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Redrawing the Office Blueprint
Let's start defining the "new normal", so that we can all emerge stronger in the post-pandemic world.
2020 has been quite the year. Who would have thought that face masks would become an accessory. Or that sports stadiums would be desolate. Or, that the backyard would become the new vacation spot! Like I said, quite the year….and, it doesn’t look like things are going to change anytime soon.
A lot of us would like to fast forward to 2021, with hopes of the pandemic having died down and the world returning to “normal”. However, the harsh reality is that “normal” will likely never be the same. Life and work, even after a vaccine, will almost certainly never return to their previous states.
Organizations will have to help define what the “new normal” looks like for their business, thinking about offices of the future, how to engage the workforce in new ways, and how to not only sustain operations, but also drive business forward in a post-pandemic world.
Offices of the Future
It’s clear that the pandemic is shifting the workplace physically, structurally, and emotionally. The post-pandemic world will be bursting with new outlooks, expectations, and concerns around the physical surroundings in which we live, learn, and work. As a result, organizations will need to think about their plans as they relate to office space design, workforce processes, and ways to foster collaboration.
Physically, organizations will be able to drastically decrease their office space, but will have to invest in structural changes to the spaces that remain. If everyone came back to work today, design changes such as work station partitions, touchless elevator controls, and better air filtration, would become prominent and even expected by employees to ensure they feel comfortable, safe, and confident returning to work. While some of these changes may remain even after a vaccine, the real benefit for people to come back to work will be collaboration, and the office must foster this.
Similarly, workforce processes will evolve. The question no longer seems to be whether or not a job can be done remotely, but rather how that job can best be performed in a remote setting. While not as essential as doctors and nurses, organizations across the globe have experienced the realization that they provide essential services, no matter if everyone is working from home or not! At Northern Trust, for example, we found very quickly that our increased adoption of new technologies and digitization enhancements enabled us to adapt to the emerging needs of our clients and employees quickly and shift into a new business as usual state. The flexibility offered by new technologies will change work from home policies and perceptions as well as employees’ expectations for time spent physically in the office.
With process changes of this magnitude, it’s important for organizations to think about their impact on the emotional well-being of employees. Equally, if not more important than procedural and physical changes to the workplace, is something that’s intangible: culture. It’s paramount for us to recognize that, amidst all of this rapid and evolving change around us, the one constant in the mix is us, as humans. While the schematics and blueprints of how we operate our businesses will be redrawn, they will only work if the people within them remain motivated, connected, and engaged with the vision and mission of the organization.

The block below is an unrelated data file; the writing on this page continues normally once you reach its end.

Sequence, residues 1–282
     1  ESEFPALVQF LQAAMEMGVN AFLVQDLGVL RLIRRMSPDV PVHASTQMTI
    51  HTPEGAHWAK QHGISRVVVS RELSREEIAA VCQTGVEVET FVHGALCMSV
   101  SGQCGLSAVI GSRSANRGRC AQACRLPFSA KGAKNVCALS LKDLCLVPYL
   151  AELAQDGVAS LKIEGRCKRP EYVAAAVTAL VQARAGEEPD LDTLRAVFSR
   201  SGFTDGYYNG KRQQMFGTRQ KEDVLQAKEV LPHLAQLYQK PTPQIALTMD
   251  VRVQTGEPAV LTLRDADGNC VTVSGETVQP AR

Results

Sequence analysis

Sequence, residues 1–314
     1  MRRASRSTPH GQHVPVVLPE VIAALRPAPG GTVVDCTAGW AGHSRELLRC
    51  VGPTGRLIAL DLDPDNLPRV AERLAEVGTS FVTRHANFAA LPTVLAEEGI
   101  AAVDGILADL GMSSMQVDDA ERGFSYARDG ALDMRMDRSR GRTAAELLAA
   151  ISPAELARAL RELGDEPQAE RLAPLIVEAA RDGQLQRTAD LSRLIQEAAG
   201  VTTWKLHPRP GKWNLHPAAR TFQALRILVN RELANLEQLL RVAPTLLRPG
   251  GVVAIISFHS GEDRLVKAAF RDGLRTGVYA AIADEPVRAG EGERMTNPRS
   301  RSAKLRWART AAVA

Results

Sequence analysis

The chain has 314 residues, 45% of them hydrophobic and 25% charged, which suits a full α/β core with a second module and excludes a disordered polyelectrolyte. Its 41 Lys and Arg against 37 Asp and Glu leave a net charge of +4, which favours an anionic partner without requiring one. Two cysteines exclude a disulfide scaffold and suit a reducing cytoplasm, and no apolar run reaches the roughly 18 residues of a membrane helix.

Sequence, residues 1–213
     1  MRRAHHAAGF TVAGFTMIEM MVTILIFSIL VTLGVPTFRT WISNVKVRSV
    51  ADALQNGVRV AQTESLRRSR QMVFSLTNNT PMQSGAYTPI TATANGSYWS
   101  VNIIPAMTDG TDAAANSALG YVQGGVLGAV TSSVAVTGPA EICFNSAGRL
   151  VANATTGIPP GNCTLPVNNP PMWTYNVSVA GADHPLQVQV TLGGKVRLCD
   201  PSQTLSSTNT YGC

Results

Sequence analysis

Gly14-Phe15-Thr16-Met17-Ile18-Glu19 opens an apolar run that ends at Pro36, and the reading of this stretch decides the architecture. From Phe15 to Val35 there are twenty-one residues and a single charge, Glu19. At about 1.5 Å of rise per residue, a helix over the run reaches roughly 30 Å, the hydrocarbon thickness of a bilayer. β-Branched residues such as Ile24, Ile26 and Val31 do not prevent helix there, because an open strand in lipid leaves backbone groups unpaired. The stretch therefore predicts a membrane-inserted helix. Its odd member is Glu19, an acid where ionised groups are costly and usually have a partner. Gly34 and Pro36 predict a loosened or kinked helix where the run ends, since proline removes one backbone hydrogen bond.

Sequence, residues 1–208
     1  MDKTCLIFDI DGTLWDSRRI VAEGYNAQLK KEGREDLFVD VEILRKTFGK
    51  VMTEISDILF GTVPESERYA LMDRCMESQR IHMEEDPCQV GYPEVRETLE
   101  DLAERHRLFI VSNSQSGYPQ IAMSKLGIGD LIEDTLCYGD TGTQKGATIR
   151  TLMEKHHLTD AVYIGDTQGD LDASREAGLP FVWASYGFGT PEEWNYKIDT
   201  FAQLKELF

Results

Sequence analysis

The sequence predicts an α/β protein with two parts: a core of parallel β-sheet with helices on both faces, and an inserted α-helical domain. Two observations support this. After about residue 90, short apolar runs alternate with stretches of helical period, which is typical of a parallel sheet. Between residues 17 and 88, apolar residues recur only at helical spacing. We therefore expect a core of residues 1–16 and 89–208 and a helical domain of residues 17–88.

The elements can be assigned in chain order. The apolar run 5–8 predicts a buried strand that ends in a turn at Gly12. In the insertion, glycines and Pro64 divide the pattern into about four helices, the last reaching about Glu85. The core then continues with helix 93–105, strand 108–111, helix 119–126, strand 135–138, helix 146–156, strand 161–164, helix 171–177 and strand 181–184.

Culture is and always should be at the heart of what we do. Decreased face-to-face interaction will test and challenge the strength of our cultures. Employee engagement and the feeling of unity are without a doubt more challenging to achieve when we are all separated. Organizations must find ways to retain their core cultural values as they define the “new normal”.
So how do organizations ensure that culture is not lost as a result of physical and structural changes to our offices and workplace processes? I don’t have all of the answers, but I believe that a critical component includes an enhanced focus on your workforce and leadership, and a combination of work from home and in-person collaboration will be the wave of the future.
For employees to perform at their highest levels and to be dedicated to the collective success of the organization, they must not only care about the work they do, but also whom they do it for. This requires something deeper and more meaningful than salary increases, bonuses, and workshops. It requires developing a sense of trust and meaningful interactions. I’ve said this before and I will say it again; employees don’t leave organizations, they leave managers. It is the manager’s job to instill this trust and foster connectivity with his or her teams. This is what enables cultures to thrive. Just as we must keep our operations going, we must also keep our cultures going by finding new ways to build and develop interpersonal relationships. Today’s technology can assist by providing options to connect face to face, even if we can’t be in the same room, but ultimately, it’s up to all of us to adopt and adapt to leverage those capabilities to find new ways to build and maintain relationships.
It’s going to take time to adjust and not everything we try will deliver the desired results, but I encourage organizations to start defining the “new normal” and what it will look like, so that we can all emerge stronger in the post-pandemic world.
Read more of Pete's blogs on Face Value on Medium.